My word for 2012 is:
Hope can be either a verb or a noun, and it also has several different definitions. The one I am choosing to use is the archaic definition. This article had a good description of the differences in the definitions:
The archaic meaning of hope in the English language is "to have confidence or trust," while the current meaning is "to wish for something with expectation of its fulfillment." Over time, words can experience "semantic drift," meaning simply that their definition morphs. It is the word "wish" in the modern definition that dilutes what hope should mean to us. When politicians speak of hope, they are merely creating "wish lists." Government will make our lives better by giving us stuff. No personal responsibility is required on our parts; we need simply to hold out our hands, and we hope it will be filled.
The New Testament uses only one Greek word, elpis, for "hope." Its verb form is elpizo. It means "expectation of good"—not a wish that something good will fall into our laps but a full expectation of good to come, especially in a religious sense.
These words are found over eighty times in the New Testament, though they are not always translated as "hope." Sometimes, especially in older translations, they are translated "faith" or "trust." Whereas the current meaning of "hope" lends itself to wishing, its original sense was to trust and have faith. Elpis, according to one lexicon, is synonymous with faith. The King James Version translates elpizo as "to trust" eighteen times.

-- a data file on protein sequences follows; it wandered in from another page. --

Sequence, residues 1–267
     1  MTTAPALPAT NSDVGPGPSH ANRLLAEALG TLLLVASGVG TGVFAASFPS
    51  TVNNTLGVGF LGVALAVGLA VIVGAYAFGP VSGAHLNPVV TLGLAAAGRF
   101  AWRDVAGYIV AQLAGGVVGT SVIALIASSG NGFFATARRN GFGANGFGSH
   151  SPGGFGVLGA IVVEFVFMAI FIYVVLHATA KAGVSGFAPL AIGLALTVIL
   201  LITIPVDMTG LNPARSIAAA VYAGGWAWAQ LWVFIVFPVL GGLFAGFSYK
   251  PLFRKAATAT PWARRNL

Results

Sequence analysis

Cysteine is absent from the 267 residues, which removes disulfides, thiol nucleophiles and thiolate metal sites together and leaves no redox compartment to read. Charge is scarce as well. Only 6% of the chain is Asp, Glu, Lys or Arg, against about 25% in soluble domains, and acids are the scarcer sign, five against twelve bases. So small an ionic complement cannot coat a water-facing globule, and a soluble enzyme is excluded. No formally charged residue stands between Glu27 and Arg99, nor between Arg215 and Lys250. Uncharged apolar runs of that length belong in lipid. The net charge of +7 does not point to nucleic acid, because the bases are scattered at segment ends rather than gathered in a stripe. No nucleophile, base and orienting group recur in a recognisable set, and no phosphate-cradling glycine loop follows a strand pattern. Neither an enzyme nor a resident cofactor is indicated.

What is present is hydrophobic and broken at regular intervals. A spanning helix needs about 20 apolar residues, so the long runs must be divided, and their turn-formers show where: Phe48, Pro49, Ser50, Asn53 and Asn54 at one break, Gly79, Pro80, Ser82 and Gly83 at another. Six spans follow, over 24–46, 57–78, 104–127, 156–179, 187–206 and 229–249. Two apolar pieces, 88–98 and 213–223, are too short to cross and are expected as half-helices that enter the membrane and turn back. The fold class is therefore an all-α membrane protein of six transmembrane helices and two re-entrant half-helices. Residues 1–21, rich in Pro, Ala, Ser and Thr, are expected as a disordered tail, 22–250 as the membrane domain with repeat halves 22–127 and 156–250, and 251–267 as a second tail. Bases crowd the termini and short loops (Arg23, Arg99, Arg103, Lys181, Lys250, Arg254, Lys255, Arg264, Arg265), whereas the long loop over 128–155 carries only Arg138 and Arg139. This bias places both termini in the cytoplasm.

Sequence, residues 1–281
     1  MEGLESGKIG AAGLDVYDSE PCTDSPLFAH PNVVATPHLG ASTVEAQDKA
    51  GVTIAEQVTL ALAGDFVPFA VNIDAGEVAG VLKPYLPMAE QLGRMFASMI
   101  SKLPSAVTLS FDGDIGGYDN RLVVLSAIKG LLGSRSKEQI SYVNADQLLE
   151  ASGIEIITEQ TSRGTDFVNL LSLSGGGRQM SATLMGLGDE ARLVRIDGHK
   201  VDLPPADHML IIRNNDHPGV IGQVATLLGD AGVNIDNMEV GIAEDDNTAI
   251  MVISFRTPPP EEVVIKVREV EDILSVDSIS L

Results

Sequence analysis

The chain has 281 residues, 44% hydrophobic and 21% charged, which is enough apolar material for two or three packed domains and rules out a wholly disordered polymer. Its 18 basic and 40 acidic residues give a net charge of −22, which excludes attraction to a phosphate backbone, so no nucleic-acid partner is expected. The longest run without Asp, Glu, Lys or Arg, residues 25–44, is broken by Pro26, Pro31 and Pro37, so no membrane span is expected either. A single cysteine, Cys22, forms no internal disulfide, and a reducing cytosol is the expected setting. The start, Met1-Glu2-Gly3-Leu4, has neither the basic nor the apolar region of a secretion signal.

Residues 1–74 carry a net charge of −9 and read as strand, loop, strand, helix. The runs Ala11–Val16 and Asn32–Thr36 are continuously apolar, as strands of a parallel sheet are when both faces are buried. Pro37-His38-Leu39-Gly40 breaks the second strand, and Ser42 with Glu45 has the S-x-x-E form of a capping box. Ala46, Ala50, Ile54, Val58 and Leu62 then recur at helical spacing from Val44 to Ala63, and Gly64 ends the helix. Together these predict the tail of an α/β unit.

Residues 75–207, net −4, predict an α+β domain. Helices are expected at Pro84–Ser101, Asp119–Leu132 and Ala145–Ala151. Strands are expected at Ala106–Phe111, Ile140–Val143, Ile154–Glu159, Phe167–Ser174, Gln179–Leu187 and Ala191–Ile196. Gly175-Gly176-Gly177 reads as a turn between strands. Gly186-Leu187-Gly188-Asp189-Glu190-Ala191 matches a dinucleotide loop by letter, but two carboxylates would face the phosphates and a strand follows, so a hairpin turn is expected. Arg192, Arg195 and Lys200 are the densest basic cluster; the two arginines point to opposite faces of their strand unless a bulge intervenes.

In the King James Version, Hebrews 10:23 reads, "Let us hold fast the profession of our faith [elpis] without wavering; (for He is faithful that promised)." Most modern versions have translated it literally as "hope." The great American scholar Noah Webster is said to have known at least fifteen languages (and some claim as many as twenty-six), including Hebrew and Greek. He published his translation of the Bible in 1833. In many places, he changed the wording of the King James, but he left the word "faith" in verse 23.
Paul tells us to hold elpis fast, without wavering. Can we do that with a wish? No, not really. But if our hope is in God's promises, if our faith is in God and His unbreakable Word, then, yes, holding fast is possible.I'm going to use my word as a basis for Bible study and plan to memorize some hope verses. I am not sure if I'll do much with it on the blog, but you may see a little bit of hope in some of these verses, quotes, or if I feel like sharing any other things God is teaching me about it.